The Holgado case

Tech3 Gas Gas, Moto3

Exhibit B - perhaps the more striking one - is Tech3 team principal Herve Poncharal excoriating the stewards' panel, in the team's official press release no less, for a double long-lap penalty issued against Moto3 title contender Dani Holgado in the category's Mugello race.

The penalty came as a consequence of an incident that took Jose Antonio Rueda and Stefano Nepa off their bikes at the race restart (following a red flag for Xabi Zurutuza's crash and injury). It contributed to Holgado finishing down in 14th, while main championship rival David Alonso won the race.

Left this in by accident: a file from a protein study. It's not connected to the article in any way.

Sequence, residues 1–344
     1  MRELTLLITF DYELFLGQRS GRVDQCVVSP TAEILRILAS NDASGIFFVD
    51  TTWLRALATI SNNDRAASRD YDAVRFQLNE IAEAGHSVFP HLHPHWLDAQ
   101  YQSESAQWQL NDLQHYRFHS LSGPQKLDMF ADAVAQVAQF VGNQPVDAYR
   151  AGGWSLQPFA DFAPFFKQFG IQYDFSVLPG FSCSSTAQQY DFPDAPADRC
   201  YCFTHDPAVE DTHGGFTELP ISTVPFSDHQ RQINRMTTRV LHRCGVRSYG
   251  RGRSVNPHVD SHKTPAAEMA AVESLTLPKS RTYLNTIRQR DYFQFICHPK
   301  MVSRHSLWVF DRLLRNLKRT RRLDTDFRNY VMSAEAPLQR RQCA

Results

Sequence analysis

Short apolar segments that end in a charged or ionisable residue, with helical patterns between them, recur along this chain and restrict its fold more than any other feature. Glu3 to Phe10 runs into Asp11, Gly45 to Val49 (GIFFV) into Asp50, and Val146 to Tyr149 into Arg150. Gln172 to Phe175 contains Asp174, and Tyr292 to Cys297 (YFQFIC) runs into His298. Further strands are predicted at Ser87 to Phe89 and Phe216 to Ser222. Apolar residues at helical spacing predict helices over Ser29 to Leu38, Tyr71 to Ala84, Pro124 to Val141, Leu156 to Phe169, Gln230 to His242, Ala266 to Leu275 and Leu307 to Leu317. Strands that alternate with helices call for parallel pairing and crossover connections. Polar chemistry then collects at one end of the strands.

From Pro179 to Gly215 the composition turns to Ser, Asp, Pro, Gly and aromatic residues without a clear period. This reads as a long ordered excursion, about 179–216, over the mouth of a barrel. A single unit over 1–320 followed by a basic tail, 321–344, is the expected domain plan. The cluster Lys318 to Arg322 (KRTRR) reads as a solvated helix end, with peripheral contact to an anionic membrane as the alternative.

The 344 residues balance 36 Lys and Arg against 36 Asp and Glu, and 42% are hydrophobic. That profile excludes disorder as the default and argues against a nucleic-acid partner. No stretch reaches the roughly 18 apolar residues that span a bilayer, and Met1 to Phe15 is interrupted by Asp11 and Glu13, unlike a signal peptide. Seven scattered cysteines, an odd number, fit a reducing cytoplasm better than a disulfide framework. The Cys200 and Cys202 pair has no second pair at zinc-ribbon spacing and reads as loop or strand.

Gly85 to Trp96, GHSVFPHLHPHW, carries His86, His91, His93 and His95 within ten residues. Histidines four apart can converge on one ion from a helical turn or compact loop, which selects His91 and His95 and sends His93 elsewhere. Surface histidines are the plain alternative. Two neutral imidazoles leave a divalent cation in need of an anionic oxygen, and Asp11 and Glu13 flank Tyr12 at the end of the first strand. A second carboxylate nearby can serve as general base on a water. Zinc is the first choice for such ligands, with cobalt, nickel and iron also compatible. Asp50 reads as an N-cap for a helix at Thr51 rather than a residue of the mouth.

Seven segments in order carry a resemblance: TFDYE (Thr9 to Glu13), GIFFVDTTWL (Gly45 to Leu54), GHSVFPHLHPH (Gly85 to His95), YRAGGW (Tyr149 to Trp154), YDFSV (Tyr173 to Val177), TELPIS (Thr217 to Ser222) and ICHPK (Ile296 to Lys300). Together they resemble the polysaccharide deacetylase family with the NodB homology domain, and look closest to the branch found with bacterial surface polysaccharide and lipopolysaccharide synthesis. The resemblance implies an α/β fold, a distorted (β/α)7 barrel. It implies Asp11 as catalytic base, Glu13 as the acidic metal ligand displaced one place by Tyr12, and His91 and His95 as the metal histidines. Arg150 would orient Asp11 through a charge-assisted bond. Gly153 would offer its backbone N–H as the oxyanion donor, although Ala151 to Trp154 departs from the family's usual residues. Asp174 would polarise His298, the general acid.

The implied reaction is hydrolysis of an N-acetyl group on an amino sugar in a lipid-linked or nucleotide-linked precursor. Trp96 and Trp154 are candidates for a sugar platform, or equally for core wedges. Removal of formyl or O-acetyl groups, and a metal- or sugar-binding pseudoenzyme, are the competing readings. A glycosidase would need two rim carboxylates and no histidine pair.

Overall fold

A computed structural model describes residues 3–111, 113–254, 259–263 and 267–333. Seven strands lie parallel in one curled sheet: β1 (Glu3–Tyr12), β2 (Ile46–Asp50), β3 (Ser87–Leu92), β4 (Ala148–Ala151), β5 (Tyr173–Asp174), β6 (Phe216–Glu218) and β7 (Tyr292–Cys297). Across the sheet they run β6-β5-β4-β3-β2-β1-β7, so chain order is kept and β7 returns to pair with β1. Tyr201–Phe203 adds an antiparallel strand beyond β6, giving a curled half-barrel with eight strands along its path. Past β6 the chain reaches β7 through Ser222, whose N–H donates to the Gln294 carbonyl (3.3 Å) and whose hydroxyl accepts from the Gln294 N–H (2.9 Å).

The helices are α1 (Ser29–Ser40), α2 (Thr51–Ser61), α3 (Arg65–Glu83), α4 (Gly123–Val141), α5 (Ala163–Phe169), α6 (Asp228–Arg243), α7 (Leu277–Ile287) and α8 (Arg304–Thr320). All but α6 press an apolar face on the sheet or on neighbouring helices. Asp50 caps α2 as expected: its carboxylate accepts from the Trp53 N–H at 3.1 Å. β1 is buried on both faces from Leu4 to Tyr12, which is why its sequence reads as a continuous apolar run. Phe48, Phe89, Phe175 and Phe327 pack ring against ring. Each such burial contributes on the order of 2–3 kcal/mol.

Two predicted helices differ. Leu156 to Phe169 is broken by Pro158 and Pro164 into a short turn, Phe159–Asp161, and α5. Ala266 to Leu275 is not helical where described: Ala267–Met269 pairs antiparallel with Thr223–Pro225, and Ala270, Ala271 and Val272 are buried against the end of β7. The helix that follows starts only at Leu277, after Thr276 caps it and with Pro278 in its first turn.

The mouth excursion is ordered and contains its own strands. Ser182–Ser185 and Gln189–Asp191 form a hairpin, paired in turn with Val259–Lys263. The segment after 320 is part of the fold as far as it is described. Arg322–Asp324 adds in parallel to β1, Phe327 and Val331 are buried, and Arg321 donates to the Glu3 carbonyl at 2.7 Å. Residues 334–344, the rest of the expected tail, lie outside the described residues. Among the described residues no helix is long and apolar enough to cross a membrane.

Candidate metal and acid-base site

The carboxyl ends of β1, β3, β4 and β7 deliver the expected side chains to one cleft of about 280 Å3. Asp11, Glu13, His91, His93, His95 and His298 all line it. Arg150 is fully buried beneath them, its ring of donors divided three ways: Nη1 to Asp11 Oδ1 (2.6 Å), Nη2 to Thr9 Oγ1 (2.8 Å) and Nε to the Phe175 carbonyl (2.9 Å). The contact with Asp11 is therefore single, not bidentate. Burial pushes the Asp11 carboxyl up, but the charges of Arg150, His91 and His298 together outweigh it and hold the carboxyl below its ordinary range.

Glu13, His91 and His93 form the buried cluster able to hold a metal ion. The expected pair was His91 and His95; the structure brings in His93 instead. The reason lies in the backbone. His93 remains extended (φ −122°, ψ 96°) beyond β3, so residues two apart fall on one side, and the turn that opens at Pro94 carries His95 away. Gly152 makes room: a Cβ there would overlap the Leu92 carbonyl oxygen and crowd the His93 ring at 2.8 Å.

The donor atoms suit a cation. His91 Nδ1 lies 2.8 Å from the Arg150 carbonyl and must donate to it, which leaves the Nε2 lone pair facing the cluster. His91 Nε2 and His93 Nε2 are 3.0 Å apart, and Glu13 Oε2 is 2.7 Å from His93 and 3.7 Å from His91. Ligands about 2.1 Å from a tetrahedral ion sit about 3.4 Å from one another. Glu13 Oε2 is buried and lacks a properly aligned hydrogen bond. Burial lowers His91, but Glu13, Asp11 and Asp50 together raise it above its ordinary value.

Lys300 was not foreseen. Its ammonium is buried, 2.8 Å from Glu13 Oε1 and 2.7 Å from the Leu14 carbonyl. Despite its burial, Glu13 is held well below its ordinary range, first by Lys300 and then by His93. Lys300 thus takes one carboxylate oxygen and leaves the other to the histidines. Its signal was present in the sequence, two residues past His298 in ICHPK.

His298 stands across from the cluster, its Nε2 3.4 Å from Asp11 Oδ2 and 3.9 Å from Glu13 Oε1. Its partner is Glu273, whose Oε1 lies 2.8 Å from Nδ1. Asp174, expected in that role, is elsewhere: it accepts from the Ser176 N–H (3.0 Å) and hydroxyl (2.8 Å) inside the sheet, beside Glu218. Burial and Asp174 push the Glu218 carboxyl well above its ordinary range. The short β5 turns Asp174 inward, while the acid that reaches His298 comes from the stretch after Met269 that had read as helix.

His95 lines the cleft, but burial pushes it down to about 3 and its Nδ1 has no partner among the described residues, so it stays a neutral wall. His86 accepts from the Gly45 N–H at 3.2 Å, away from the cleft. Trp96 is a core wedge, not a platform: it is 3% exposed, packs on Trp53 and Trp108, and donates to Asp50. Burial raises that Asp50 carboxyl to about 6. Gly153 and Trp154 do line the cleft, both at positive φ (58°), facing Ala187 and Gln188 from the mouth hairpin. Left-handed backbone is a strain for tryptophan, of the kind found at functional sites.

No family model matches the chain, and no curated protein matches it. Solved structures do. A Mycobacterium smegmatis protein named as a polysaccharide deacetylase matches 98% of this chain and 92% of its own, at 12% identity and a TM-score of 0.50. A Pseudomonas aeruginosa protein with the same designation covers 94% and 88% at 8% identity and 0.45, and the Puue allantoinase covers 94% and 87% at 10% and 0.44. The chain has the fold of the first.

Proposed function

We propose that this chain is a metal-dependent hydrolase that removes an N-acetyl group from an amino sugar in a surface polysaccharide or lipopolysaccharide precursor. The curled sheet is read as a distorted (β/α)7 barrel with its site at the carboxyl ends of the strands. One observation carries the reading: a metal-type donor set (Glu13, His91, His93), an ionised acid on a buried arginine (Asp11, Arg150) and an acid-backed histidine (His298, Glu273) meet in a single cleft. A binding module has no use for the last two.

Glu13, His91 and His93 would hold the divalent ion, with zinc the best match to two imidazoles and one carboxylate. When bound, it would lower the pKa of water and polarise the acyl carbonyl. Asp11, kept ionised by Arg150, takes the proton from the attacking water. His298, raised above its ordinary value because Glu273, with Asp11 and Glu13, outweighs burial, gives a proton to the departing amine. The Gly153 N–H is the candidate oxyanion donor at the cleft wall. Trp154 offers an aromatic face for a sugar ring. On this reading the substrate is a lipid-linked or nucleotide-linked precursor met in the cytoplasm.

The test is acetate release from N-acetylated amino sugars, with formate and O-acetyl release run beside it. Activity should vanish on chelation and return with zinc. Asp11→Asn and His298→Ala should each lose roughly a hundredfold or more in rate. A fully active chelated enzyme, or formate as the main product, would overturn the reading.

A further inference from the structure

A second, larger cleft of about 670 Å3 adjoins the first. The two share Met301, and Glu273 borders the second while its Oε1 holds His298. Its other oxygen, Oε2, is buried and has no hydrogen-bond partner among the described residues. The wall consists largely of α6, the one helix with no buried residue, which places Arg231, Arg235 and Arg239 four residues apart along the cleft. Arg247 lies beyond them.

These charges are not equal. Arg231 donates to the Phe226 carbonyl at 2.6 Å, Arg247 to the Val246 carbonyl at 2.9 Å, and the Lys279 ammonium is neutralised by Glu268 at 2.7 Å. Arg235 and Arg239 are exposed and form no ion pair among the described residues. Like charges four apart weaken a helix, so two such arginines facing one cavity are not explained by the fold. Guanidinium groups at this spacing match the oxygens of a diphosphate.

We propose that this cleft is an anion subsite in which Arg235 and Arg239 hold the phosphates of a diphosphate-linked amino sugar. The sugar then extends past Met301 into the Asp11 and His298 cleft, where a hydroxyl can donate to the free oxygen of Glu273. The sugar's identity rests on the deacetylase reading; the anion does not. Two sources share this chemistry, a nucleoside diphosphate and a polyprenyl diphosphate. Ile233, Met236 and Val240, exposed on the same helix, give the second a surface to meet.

"At the restart, Dani took off well, and did nothing wrong in Turn 1 as he was just squeezed with other riders," said Poncharal of the incident. "Unfortunately another rider [Rueda] touched him, crashed, taking down another one [Nepa].

"We reviewed that incident a few times in slow motion, it was obvious that it was just a race event. We were incredibly shocked when Dani received a double long lap penalty, it ruined his race, and it will have a big impact on his title challenge.

Dani Holgado, Tech3 Gas Gas, Moto3

"We went to the race direction [stewards] and could not get any other explanation than a simple 'ambitious/irresponsible riding manoeuvre'. I invite everyone to re-watch this incident, and explain to me how this deserved a double long lap penalty.

"We did not get any other explanation, and I think that when a championship is at stake, it is a true disgrace and a lack of respect coming from the race direction [the stewards].

"I feel really sorry for Daniel Holgado and his crew who are working so hard to fight for the title."